CONGRESS of South African Trade Unions (Cosatu ) general secretary Zwelinzima Vavi on Sunday expressed concern that South Africa’s labour movement was fragmenting, with 193 unions now in existence, the majority of which did not belong to one of the major federations.
Cosatu has 20 affiliates with about 2-million members, but faces increasing competition from independent break away and splinter groups. This is partly because of disillusionment with established unions and fractured internal politics, which leads to union splits and new formations.
Speaking to shop stewards in Durban on Sunday, Mr Vavi said of the 193 unions, 117 did not belong to one of the country’s four large labour confederations, namely Cosatu, the Federation of Unions of South Africa, the National Council of Trade Unions and the Confederation of South African Workers’ Unions.
Increased pressure on the union movement was also leading to "poaching wars", even between Cosatu affiliates.
The South African Democratic Teachers Union and the National Education, Health and Allied Workers Union often overlapped in the field of education, he said.
Tensions have also been high between the National Union of Mineworkers (NUM) and the National Union of Metalworkers of South Africa (Numsa), which compete in various workplaces such as Eskom.
This has worsened internal tensions in Cosatu as the NUM and Numsa are on opposite sides of the federation’s factionalised politics.
Meanwhile, in what is clearly an attempt to arrest the decline of the NUM in the Rustenburg area, African National Congress (ANC) secretary-general Gwede Mantashe delivered a political lecture in the town on Sunday. The NUM has lost 35,000 members in the area, according to ANC Bojanala regional chairman Louis Diremelo, who opened the meeting.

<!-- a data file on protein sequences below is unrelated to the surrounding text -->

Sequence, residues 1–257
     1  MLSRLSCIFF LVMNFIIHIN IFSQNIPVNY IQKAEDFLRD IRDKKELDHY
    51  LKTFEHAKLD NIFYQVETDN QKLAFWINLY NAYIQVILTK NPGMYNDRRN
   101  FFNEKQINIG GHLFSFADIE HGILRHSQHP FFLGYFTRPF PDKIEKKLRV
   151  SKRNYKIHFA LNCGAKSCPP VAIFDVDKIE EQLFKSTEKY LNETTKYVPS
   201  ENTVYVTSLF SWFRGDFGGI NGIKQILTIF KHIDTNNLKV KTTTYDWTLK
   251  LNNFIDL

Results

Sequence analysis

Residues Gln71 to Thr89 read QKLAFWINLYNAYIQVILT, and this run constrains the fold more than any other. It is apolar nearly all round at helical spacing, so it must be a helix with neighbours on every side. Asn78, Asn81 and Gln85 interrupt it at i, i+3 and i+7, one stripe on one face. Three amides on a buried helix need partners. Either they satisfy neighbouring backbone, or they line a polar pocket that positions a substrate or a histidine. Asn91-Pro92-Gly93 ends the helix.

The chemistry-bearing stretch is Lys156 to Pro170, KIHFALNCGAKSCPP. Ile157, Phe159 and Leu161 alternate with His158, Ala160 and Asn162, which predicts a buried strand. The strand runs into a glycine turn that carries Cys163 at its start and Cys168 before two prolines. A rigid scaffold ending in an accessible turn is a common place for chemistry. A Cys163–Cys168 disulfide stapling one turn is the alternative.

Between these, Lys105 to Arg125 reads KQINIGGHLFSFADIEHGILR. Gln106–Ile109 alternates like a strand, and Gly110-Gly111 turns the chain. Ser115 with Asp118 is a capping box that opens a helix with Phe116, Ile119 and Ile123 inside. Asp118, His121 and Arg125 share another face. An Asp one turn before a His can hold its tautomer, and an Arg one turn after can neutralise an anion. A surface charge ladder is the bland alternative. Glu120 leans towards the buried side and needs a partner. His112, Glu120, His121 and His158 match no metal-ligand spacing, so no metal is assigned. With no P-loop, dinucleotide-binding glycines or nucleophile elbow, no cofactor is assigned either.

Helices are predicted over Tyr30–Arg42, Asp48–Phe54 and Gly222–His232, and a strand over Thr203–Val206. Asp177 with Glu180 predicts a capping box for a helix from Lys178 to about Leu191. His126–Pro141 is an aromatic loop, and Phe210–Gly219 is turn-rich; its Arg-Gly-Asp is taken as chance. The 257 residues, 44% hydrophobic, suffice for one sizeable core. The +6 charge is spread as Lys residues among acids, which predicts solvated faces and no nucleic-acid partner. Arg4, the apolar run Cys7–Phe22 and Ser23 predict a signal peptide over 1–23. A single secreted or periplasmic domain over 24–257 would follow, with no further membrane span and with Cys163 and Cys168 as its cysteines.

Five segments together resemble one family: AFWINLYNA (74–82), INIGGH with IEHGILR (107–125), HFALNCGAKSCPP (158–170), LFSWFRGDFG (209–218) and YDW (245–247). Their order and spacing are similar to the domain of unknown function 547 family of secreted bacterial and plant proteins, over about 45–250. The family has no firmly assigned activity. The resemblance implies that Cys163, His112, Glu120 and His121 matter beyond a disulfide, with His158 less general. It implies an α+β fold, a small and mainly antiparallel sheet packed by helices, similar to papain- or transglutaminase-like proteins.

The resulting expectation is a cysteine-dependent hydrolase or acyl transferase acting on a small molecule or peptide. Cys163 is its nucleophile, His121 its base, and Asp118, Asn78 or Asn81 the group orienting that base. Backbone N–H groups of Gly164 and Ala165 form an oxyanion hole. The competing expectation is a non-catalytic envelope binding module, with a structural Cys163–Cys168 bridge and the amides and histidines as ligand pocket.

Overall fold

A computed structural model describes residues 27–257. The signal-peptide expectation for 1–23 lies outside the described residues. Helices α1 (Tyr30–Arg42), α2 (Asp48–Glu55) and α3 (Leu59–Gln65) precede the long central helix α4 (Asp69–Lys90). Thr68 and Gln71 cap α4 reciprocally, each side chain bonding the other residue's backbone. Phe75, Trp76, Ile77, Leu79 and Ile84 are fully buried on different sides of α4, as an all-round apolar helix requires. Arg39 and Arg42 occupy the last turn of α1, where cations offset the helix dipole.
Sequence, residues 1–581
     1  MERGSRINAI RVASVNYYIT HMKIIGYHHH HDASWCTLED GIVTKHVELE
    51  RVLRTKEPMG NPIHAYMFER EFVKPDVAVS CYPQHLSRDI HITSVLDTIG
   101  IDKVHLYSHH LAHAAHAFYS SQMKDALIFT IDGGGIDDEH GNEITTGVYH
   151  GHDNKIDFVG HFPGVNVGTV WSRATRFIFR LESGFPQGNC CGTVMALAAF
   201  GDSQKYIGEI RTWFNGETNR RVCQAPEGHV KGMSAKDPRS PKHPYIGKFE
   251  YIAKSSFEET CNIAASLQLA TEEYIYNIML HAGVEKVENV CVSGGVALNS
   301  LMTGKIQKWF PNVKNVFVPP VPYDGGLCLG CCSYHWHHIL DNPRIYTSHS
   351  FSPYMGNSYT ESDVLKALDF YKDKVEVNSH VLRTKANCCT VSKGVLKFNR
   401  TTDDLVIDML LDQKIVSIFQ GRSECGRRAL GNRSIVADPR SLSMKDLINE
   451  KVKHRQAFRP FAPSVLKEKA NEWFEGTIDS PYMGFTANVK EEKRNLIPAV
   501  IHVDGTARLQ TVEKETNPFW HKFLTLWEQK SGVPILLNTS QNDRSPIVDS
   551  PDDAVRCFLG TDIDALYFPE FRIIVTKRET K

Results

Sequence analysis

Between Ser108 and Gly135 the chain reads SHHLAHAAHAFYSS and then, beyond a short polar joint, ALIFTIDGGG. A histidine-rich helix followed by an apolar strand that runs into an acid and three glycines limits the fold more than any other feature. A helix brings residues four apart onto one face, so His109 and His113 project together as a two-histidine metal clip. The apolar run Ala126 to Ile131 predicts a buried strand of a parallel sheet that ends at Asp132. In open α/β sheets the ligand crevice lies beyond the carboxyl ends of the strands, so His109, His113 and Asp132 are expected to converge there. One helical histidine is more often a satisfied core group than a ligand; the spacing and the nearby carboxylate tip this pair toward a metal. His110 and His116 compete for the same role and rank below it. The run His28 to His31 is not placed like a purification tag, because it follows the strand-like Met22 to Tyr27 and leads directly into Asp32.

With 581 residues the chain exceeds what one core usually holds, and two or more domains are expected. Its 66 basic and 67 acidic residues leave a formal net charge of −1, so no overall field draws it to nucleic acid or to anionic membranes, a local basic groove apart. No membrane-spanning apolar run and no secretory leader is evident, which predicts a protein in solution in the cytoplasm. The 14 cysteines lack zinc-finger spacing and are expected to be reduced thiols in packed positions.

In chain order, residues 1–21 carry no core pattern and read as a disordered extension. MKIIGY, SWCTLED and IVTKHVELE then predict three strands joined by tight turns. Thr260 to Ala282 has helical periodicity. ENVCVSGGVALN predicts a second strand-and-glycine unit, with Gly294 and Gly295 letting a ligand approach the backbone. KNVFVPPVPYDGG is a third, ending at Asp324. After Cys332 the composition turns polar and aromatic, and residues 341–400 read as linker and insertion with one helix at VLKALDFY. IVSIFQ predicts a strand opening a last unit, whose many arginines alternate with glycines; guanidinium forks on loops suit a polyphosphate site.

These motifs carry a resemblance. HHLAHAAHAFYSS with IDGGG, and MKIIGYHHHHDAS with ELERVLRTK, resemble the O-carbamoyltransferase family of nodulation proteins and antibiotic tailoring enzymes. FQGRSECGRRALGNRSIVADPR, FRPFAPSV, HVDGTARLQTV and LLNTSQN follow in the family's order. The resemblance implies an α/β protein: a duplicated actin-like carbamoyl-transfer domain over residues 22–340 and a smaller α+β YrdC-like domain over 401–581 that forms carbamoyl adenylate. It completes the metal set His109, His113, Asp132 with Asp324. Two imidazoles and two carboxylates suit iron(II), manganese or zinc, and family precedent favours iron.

In his address, Mr Mantashe blamed the NUM’s ailing fortunes on the managements of mining companies. He said they wanted to destroy the union and, along with it, the national democratic revolution led by the ANC, Cosatu and the South African Communist Party.
"The attack on the NUM is an attack on us. We know the attack is on us. They want to hijack and steal our revolution. They see the mineworkers as a vehicle to hijack the revolution.
"You are not victims because of your membership to NUM, but because you are a loyal member of the revolution," he said.
The Rustenburg area has been plagued by violent competition between the NUM and newcomer the Association of Mineworkers and Construction Union (Amcu). Amcu members have on many occasions closed NUM offices on mining premises by force. Mr Mantashe said to restore peace and stability at the mines, companies should not close the NUM’s offices, but rather leave them open, and open an office for the other emerging unions. "Leave the NUM to service its members and let the workers see the difference."
He said the NUM had a track record and all the other unions were fighting for what NUM had already achieved. "This is their blood and sweat. The new unions do not bring anything new. What new things are they bringing? They want all that NUM gains."
Mr Mantashe said the ANC had a responsibility to make sure conditions were improved in areas around the mines. "The ANC must make sure there is a road in Nkaneng. These conditions are being used to mislead people."